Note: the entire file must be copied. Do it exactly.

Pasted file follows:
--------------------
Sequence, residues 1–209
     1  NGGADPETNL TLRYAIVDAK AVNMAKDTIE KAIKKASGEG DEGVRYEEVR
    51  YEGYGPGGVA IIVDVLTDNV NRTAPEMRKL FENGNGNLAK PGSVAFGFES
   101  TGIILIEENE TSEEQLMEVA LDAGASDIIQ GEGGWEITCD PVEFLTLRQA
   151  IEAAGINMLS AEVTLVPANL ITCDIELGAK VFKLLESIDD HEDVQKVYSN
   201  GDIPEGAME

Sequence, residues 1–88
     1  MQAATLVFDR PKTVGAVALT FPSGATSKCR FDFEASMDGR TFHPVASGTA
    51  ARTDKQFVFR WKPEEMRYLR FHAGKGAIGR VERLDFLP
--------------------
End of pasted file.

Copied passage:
Sequence, residues 1–209
     1  NGGADPETNL TLRYAIVDAK AVNMAKDTIE KAIKKASGEG DEGVRYEEVR
    51  YEGYGPGGVA IIVDVLTDNV NRTAPEMRKL FENGNGNLAK PGSVAFGFES
   101  TGIILIEENE TSEEQLMEVA LDAGASDIIQ GEGGWEITCD PVEFLTLRQA
   151  IEAAGINMLS AEVTLVPANL ITCDIELGAK VFKLLESIDD HEDVQKVYSN
   201  GDIPEGAME

Sequence, residues 1–88
     1  MQAATLVFDR PKTVGAVALT FPSGATSKCR FDFEASMDGR TFHPVASGTA
    51  ARTDKQFVFR WKPEEMRYLR FHAGKGAIGR VERLDFLP